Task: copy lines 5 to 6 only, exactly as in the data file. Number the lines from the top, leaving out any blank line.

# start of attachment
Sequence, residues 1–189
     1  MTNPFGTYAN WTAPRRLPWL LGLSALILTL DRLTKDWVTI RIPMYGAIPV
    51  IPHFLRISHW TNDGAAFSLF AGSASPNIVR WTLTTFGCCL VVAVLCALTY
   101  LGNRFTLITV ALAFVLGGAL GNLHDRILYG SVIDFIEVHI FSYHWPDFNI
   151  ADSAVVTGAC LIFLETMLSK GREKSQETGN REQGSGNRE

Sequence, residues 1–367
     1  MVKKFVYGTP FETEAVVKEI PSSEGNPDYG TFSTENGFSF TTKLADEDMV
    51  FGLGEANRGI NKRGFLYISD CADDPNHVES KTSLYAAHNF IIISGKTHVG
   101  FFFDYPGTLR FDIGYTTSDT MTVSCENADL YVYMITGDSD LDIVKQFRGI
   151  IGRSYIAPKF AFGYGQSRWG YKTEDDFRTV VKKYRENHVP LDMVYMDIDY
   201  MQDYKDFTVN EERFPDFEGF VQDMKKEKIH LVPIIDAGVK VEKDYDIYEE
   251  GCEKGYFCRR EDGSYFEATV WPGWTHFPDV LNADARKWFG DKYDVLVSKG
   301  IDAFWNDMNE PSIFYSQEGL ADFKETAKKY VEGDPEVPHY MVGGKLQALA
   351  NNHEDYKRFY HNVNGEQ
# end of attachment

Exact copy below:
   151  ADSAVVTGAC LIFLETMLSK GREKSQETGN REQGSGNRE

Sequence, residues 1–367